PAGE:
Lloyds approves each installation independently and separately. Since each installation is unique to the boat it is on, there is no practical way to obtain a type approval. We have the SeaClean on 3 Lloyds classed yachts to date and all have been surveyed with the system installed. We submit drawings and plans to class before installation.

    2) What sort of Back pressure do you get using this system?


    We typically develop back pressure in the mid teens of water column or just under 4 kPa at 60 to 80 percent loads. This depends a great deal on the rest of the exhaust system. The ideal situation is when we can design and fabricate the system from turbo outlet to overboard. We try to obtain the greatest margin possible in order to extend filter life before cleaning is required.

    3) Do you have a European supplier and installer or a recommendation in Europe for installation?

    We will send a technician to perform or oversee the fitting in whatever location the boat is in, this may in some cases actually save costs compared to using local labor. We also send a technician to commission and fine tune the system after installation is complete.

    4) Can the system be made modular if there are issue fitting it into the engine room?

    The system is modular by design. We build the control panels to fit the size and location you desire and most installations fit within the envelope of the generator sound shield with the water lift separator fit into the space between the shield and the hull. We configure the components to fit the yacht. Both sides may be piped differently if that is what is needed to make it fit and provide for ease of maintenance of the generator.

    5) Are the heaters singular or multiple elements?

    The heater is a single unit comprised of multiple "hairpin" elements. The number of elements depends on the wattage calculated to be required to obtain the correct exhaust temperature. The heater is mounted to the inlet side of the DPF.

    6) Roughly what size unit will we need and what would be the power consumption for it?

    Power consumption varies with generator output and exhaust temperature. We typically install a heater with a maximum output of 20kW on a 170kW generator. The full capacity may or may not be connected, depending on how the yacht operates and how power is managed by the engineers. The rest of the answer is included in the next question.

    7) With the heater controller, if there are multiple elements can it be set to bring the elements on in stages, or do you have a soft start idea?

    We use a zero crossing power controller that modulates power cycle by cycle i.e. 10kw from a 20kW heater would have the controller on for 3 cycles and off for 3 cycles with the switching occurring at the 0 voltage point of the sine wave to prevent noise spikes and harmonic generation that comes from soft starts and contactor type controls. On system startup we have a ramping up period to prevent a sudden large load being imposed. Also, the heaters are isolated unless the generator is online and has been running for at least a minute to allow the power management system to stabilize after bringing a generator online. The power (and thus exhaust gas temperature) is regulated proportionally to the temperature of exhaust gases leaving the turbocharger. This temperature is, of course, proportional to the load on the generator. By using this method, the SeaClean system will not place a load on shorepower when the generator is running offline such as when cooling down after switching to shore power. It does not present a parasitic load on the switchboard when the generator is heavily loaded by large hotel loads. When hotel loads are at maximum, no power is used by the heater so that all power is available to the switchboard.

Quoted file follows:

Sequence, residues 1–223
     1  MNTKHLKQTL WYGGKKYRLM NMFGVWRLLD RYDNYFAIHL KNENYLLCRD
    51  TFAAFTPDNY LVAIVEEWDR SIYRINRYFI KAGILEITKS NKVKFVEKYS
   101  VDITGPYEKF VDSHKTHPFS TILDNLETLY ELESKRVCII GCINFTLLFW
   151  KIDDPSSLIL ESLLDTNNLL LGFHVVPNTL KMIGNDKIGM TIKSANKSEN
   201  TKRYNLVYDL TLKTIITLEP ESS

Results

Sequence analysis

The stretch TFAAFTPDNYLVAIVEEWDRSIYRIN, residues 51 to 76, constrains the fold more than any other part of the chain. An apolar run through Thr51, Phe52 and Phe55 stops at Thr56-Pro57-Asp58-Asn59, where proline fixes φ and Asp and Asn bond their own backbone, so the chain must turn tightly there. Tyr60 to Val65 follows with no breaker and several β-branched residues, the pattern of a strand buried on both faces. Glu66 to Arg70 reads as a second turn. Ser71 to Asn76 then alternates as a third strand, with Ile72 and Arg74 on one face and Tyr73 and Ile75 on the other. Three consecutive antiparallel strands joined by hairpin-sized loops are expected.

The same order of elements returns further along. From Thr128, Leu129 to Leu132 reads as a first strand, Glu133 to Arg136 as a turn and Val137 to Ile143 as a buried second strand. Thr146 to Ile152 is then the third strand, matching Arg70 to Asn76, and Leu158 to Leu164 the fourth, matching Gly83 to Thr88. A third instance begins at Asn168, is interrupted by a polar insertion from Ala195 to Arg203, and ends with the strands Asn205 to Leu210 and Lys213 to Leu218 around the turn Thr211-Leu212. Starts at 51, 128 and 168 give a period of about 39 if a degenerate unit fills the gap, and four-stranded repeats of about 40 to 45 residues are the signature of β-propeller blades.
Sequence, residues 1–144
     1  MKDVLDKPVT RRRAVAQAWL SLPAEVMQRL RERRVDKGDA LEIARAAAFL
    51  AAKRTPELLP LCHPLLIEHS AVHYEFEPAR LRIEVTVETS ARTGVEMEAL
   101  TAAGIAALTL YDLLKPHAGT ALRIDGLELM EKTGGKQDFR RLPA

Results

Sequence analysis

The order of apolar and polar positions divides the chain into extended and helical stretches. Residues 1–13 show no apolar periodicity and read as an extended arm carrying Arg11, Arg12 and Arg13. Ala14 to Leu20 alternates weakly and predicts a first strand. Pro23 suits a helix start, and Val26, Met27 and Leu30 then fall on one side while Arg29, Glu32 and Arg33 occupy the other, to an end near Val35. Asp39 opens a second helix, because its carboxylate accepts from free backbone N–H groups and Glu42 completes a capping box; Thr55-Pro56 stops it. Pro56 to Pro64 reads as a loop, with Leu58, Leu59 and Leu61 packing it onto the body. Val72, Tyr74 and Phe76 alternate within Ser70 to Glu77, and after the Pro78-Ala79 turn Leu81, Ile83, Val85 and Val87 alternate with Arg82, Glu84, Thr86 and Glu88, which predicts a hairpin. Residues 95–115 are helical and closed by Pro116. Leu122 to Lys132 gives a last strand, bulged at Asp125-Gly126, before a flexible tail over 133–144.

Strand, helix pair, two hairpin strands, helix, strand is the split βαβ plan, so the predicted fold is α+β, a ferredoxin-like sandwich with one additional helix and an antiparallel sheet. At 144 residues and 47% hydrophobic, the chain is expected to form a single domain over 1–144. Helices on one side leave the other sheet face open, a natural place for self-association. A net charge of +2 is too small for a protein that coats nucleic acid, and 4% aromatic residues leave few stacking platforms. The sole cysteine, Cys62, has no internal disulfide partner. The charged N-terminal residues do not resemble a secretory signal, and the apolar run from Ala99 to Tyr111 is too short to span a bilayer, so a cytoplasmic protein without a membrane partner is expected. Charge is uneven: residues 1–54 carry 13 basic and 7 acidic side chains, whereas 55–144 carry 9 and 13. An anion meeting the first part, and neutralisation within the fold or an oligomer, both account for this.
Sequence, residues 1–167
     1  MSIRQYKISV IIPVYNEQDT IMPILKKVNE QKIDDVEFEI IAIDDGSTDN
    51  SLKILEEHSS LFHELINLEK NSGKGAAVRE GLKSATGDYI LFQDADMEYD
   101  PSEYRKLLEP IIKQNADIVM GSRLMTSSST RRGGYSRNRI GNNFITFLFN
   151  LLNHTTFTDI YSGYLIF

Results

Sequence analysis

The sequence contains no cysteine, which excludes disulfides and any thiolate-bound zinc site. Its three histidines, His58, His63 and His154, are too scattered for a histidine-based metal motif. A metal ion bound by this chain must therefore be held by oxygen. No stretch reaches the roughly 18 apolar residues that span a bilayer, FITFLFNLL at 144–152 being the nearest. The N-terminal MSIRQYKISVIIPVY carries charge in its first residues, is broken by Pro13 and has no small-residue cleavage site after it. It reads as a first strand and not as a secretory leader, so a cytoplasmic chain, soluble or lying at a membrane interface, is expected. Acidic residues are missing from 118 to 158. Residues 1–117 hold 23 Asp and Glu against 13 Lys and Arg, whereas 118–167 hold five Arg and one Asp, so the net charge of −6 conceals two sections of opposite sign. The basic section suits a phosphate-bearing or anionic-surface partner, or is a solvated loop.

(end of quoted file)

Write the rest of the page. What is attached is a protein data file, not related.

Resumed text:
8) Do you have a manual regeneration mode on the controller, and do you know if it would be possible to integrate the controller with our alarm and monitoring system?

    Manual operation is available at the front of the control panel at any time the system is online. Normal, automatic, operation provides constant and continuous regeneration across the widest possible generator load range. A high backpressure alarm output is available for integration with a yacht’s alarm and monitoring system. Other outputs are available as options.

    9) Is it possible to set the system up to run as a possible load bank as without guests on we are running at 50% load on the engines and I would rather run them at 80% load?

    By using the manual control feature, the full capacity of the heater is available to serve as an "exhaust cooled" loadbank. If greater loadbank capacity is required or desired beyond what is installed to achieve consistent filter operation, we can install larger capacity heaters in the same "envelope" so there is no space or size penalty. We will design and install a system that provides what you need. It will be economical, and it will work. So far, the only people who have been more impressed than the engineers are the deck gang and guests. The hull stays clean and there is no diesel smell or smoke to offend even the most sensitive nose.